Wed Nov 14, 2012 - 1:41 pm EST
Does an unborn baby have the right to use his mother’s body?
This week I’ll be making a return trip to speak at my alma mater, UBC. This upcoming engagement has brought to mind an encounter I had with a philosophy and pre-law student at that same campus just a few months ago.
The young woman was justifying abortion from the perspective of abortion advocate Judith Jarvis Thompson who argues that even if the pre-born are human persons, they do not have a right to use another person’s body without consent. Given that this argument continues to be raised by some who support abortion, I thought it would be helpful to create an imaginary exchange between two people debating this perspective:
AA (Abortion Advocate): If a famous violinist was going to die and someone who had the right body type to keep him alive was kidnapped in order to be plugged into the violinist, wouldn’t we say that while the violinist is a full human person he doesn’t have the right to use another’s body without consent? Wouldn’t we say that the kidnap victim has no obligation to keep the violinist plugged into him, and that just as the kidnap victim may unplug the violinist, a woman may “unplug” her fetus?
PL (Pro-Lifer): Well, for the violinist scenario to be analogous to abortion you’d have to turn around and dismember the violinist’s body, cutting it to pieces.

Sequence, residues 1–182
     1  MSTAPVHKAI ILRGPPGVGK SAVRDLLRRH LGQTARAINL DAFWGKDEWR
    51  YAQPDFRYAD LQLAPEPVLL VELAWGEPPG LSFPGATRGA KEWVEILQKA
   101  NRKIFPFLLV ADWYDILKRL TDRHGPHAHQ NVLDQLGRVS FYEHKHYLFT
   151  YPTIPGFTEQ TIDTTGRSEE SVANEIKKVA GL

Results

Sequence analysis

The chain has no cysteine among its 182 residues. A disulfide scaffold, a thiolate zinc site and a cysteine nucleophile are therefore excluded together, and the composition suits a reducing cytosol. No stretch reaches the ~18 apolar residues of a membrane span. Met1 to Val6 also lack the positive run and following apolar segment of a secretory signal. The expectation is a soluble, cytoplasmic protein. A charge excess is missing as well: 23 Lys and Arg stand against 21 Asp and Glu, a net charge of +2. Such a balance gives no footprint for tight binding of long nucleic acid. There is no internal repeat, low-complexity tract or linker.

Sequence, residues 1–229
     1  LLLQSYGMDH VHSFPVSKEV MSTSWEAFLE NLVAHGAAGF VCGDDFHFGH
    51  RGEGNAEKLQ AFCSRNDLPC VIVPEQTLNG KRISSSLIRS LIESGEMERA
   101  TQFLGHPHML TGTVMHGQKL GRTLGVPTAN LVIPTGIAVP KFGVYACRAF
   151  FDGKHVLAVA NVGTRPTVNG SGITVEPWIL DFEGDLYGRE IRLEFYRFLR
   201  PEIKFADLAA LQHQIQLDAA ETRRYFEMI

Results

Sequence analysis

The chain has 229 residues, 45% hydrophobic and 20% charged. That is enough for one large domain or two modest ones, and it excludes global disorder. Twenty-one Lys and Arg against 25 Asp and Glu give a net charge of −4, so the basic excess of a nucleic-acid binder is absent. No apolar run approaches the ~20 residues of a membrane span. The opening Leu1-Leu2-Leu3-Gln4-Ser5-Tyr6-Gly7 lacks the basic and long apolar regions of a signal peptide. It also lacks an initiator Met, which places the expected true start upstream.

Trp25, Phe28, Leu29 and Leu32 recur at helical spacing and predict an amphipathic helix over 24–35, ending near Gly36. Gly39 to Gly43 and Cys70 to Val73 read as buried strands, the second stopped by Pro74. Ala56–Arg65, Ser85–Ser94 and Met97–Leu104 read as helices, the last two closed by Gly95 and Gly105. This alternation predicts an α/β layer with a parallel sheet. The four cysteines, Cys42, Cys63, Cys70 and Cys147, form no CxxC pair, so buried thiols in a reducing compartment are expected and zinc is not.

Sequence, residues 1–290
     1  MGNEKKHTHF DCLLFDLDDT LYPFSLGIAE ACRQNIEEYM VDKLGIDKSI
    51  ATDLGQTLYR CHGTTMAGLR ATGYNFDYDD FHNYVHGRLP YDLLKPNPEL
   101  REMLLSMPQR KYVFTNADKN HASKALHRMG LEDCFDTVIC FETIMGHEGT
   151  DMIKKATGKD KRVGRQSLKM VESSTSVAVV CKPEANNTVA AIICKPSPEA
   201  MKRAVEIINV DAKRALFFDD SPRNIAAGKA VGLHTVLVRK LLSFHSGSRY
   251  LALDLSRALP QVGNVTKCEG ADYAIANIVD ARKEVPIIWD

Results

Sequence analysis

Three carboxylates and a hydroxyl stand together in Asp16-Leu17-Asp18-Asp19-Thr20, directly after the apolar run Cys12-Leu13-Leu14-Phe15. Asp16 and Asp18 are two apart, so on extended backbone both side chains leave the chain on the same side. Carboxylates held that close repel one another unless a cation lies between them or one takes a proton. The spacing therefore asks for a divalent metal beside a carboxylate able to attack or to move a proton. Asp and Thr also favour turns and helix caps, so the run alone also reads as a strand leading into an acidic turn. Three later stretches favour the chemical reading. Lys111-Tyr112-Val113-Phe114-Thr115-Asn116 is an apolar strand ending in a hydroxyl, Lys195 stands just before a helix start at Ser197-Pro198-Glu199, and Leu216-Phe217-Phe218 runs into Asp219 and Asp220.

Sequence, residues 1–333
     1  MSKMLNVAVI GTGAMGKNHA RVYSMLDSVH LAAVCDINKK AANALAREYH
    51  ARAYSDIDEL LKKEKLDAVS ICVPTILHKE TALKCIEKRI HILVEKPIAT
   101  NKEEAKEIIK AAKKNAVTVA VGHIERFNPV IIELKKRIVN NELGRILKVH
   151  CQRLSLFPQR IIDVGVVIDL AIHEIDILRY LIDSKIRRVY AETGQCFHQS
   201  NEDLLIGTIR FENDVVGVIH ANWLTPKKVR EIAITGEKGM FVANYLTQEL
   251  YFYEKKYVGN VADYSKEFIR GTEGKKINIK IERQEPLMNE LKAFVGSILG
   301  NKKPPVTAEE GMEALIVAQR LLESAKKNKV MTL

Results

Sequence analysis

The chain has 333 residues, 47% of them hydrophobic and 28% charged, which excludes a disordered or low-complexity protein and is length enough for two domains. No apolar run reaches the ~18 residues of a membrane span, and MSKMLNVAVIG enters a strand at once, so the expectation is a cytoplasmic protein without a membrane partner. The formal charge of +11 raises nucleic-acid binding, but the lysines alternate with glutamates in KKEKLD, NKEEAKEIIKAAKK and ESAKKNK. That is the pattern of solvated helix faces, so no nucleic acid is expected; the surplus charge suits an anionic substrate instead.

AA: So are you saying if abortion is merely removal that it’s okay?
[This reaction is where we see this typical pro-life response is not that strong a point, which is why we need to go on.]
PL: Fair enough. No, I’m not, because even if you merely “removed” or “unplugged” the pre-born child without dismemberment, it would still be killing and still be wrong. If you unplug the violinist who doesn’t have a right to your kidneys, she dies of kidney disease. If you unplug the fetus, she dies because you directly killed her. In one situation (violinist) a person is dying. In another (pregnancy), a person is living. Furthermore, a parent has a responsibility to her offspring she doesn’t have to strangers.
AA: So then consider that the person plugged into you, using your kidneys, is your own child—if you can unplug that child you can unplug the fetus.